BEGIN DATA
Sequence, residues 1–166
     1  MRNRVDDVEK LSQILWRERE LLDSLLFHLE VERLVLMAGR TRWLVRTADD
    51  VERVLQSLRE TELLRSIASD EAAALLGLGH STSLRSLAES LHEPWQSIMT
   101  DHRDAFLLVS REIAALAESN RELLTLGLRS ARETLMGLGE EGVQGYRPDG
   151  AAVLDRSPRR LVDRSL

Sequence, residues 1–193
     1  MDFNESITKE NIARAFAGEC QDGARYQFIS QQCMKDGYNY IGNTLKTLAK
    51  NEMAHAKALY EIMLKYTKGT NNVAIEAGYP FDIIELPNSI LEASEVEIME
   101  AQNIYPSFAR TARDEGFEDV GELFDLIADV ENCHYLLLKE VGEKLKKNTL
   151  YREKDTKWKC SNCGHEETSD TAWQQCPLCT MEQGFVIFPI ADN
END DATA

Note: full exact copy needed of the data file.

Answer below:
Sequence, residues 1–166
     1  MRNRVDDVEK LSQILWRERE LLDSLLFHLE VERLVLMAGR TRWLVRTADD
    51  VERVLQSLRE TELLRSIASD EAAALLGLGH STSLRSLAES LHEPWQSIMT
   101  DHRDAFLLVS REIAALAESN RELLTLGLRS ARETLMGLGE EGVQGYRPDG
   151  AAVLDRSPRR LVDRSL

Sequence, residues 1–193
     1  MDFNESITKE NIARAFAGEC QDGARYQFIS QQCMKDGYNY IGNTLKTLAK
    51  NEMAHAKALY EIMLKYTKGT NNVAIEAGYP FDIIELPNSI LEASEVEIME
   101  AQNIYPSFAR TARDEGFEDV GELFDLIADV ENCHYLLLKE VGEKLKKNTL
   151  YREKDTKWKC SNCGHEETSD TAWQQCPLCT MEQGFVIFPI ADN